**Previous message:**Steve Newcomb: "correction of obs 9/1/04"**In reply to:**Steve Newcomb: "correction of obs 9/1/04"**Next in thread:**Ted Molczan: "RE: correction of obs 9/1/04"**Reply:**Ted Molczan: "RE: correction of obs 9/1/04"**Messages sorted by:**[ date ] [ thread ] [ subject ] [ author ]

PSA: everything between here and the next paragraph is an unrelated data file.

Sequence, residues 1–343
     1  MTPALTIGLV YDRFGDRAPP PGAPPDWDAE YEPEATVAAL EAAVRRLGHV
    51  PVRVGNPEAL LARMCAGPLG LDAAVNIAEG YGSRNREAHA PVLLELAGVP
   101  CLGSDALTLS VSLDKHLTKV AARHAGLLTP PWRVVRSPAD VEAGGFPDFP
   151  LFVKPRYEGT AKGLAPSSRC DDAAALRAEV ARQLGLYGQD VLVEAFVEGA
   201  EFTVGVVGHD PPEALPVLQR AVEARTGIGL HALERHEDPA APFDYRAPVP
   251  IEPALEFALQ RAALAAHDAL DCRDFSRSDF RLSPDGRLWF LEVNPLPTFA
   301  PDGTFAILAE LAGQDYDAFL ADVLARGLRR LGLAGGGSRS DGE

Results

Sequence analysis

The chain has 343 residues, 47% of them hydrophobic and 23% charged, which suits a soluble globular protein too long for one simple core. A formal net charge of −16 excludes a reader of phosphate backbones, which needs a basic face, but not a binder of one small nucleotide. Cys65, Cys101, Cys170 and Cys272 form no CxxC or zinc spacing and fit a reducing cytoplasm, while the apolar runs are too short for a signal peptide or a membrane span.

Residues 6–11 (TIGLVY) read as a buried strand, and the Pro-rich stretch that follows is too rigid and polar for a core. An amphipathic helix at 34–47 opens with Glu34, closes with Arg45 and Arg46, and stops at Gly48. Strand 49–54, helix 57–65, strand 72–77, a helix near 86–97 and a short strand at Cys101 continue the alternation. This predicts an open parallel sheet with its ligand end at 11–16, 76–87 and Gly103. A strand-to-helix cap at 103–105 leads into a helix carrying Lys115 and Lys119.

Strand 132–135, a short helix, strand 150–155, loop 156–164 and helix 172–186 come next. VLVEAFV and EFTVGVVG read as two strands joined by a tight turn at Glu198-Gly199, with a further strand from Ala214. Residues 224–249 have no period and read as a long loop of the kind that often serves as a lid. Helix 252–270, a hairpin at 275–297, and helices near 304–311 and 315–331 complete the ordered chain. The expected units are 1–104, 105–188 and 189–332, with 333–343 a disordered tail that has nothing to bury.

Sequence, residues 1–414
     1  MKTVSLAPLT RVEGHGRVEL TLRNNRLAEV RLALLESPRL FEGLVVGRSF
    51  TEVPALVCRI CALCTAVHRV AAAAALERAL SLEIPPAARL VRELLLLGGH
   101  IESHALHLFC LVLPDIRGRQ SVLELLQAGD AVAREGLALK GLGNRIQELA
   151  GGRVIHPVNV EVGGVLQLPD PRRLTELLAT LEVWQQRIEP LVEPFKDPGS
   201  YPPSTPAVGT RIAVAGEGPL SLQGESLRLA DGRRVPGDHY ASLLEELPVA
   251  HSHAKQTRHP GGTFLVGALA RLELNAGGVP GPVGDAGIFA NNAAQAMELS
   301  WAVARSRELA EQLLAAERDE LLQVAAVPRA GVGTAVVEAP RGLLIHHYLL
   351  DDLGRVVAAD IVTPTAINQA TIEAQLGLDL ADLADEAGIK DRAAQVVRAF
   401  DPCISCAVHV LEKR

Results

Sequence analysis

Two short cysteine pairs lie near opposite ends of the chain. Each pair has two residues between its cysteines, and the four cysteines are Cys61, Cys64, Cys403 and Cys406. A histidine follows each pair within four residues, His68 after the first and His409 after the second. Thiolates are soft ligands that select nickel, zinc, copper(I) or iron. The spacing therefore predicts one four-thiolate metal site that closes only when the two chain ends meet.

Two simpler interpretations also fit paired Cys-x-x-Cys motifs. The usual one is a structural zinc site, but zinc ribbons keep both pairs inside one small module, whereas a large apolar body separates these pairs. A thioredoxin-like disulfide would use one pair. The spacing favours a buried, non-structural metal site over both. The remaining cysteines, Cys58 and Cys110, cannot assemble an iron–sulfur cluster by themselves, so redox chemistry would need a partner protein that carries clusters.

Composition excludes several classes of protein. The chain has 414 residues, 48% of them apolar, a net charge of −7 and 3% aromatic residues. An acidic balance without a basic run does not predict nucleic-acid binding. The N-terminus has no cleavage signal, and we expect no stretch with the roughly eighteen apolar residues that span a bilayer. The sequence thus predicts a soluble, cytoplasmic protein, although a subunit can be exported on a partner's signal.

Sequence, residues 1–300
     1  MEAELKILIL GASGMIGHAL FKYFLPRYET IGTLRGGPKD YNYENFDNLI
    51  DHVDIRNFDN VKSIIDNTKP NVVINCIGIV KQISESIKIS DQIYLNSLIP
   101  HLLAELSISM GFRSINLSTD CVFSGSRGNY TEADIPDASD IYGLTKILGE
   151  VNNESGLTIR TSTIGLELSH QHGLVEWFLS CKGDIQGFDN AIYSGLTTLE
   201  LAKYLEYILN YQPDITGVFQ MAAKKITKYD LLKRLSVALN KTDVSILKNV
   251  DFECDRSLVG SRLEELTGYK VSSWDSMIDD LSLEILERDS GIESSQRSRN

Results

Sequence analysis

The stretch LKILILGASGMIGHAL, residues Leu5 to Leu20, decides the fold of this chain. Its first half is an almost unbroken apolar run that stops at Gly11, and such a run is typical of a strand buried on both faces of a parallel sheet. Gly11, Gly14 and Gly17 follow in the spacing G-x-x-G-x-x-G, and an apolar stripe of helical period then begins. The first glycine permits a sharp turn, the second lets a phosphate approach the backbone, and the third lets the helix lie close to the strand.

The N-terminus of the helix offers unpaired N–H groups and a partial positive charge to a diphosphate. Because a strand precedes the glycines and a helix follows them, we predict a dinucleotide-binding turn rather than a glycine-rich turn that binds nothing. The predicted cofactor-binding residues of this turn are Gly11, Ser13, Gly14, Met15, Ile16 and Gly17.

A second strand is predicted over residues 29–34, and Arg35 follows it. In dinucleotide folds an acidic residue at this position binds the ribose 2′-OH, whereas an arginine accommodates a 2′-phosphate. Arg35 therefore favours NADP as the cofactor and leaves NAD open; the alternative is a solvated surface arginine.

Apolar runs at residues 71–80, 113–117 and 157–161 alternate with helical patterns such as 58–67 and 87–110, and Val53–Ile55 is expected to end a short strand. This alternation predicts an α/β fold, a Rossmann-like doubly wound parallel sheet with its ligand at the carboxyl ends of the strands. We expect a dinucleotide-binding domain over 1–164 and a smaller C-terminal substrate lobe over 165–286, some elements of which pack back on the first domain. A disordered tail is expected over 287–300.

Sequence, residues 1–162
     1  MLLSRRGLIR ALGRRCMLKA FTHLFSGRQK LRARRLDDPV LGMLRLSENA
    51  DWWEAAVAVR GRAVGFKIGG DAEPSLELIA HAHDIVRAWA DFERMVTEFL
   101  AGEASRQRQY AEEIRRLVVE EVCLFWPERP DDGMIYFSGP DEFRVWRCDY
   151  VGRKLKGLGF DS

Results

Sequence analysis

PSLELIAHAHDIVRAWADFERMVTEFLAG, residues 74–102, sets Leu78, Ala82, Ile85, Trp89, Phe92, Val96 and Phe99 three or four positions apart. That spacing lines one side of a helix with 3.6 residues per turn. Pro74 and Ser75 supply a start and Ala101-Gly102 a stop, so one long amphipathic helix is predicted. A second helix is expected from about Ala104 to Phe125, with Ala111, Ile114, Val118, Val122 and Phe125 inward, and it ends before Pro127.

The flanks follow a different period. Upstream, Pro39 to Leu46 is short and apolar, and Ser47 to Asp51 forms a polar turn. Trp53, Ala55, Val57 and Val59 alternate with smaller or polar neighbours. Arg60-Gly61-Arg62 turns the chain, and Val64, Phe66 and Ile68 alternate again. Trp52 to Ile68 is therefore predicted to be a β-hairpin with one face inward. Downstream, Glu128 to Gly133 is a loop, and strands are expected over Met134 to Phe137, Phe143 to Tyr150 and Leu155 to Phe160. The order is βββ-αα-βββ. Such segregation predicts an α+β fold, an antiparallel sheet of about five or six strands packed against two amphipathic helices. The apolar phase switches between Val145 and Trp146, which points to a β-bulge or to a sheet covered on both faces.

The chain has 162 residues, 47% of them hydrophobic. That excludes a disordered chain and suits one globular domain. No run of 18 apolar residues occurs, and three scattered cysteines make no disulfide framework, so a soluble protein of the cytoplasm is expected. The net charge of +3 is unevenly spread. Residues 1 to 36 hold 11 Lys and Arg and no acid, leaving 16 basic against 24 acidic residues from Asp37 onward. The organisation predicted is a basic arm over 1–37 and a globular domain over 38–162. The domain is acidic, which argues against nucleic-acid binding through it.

Steve Newcomb wrote: > At 1.16.10 UTc NROL-1 and rocket were under beta draco in > telescope field of view, so actually above. And it has also > been pointed out to me that 47 draco could be the double I > saw instead of 39 draco. I don't know for certain which > double star it was, they are both close to a 5 mag and an 8 > mag star. Maybe there are other doubles in the area close to > these mag that I have not found. Five years ago the only > stars I could identify was the big dipper. Below are revised > points if it were at 47 draco . > > 28385 04 034B 8539 G 20040901012544040 17 25 1848587+592331 68 Using my three positions and your original one (based upon 39 Draconis): 28385 04 034B 2701 G 20040901005917130 17 25 1540326+161016 68 R 28385 04 034B 2701 G 20040901010243750 17 25 1604058+251534 68 R 28385 04 034B 2701 G 20040901010330500 17 25 1609463+271046 68 R 28385 04 034B 8539 G 20040901012544040 17 25 1821437+584267 68 and allowing the differential correction to adjust all but drag and mean anomaly, I obtained the following solution, for which WRMS residuals = 0.142 deg: 186 X 23559 1 70000U 04245.01789074 .00000000 00000-0 00000-0 0 01 2 70000 60.2703 232.2359 6406027 297.8724 356.8937 3.52300605 02 This solution is in serious disagreement with your observation that the cloud passed about 1.5 deg above (non-inverted view) beta Draconis at 01:16:10 UTC. It has the Centaur passing directly over the star at 01:17:27.6 UTC, more than 1 min late. Replacing your 39 Draconis-based point with your 47 Draconis-based point: 28385 04 034B 8539 G 20040901012544040 17 25 1848587+592331 68 and performing the same analysis, I obtained the following solution, for which WRMS residuals = 0.03 deg: 937 X 19453 1 70000U 04245.01789074 .00000000 00000-0 00000-0 0 01 2 70000 58.2348 230.2271 5588718 302.6820 358.3180 4.07168784 02 The perigee height of 937 km was at least 500 km to high, but this result places the Centaur 0.9 deg directly above beta Draconis as 01:16:11 UTC, in excellent agreement with your report. Depending on how I perform the analysis, I get two different solutions. Fixing eccentricity manually to maintain perigee height near the apogee of one of my parking orbits, 416 km above 6371 km mean Earth's radius, I get: 418 X 16550 1 70000U 04245.01789074 .00000000 00000-0 00000-0 0 01 2 70000 58.0561 230.1366 5430000 295.8537 358.9124 4.79504135 06 Since inclination seems close to 58 deg, I performed an alternative analysis, fixing the inclination at that value, and letting eccentricity vary, with this result: 267 X 16020 1 70000U 04245.01789074 .00000000 00000-0 00000-0 0 01 2 70000 58.0000 230.1055 5426414 294.1861 358.8949 4.96442126 09 This results in perigee of 267 km, which also is reasonable. Both of these solutions remain with a few a seconds of your beta Draconis appulse. I have not found any doubles similar in magnitude to 39 Draconis and 47 Draconis, so I am reasonably confident that the Centaur's mean motion is roughly 4.8 to 5 rev/d. I hope to add positions from at least one or two of several photos of the propellant cloud I have received from amateur astronomers, once I have received their final time reductions. However, all of the new data falls within the existing arc; therefore, I doubt it will improve the orbit much, if at all. Ted Molczan ------------------------------------------------------------------------- Subscribe/Unsubscribe info, Frequently Asked Questions, SeeSat-L archive: http://www.satobs.org/seesat/seesatindex.html

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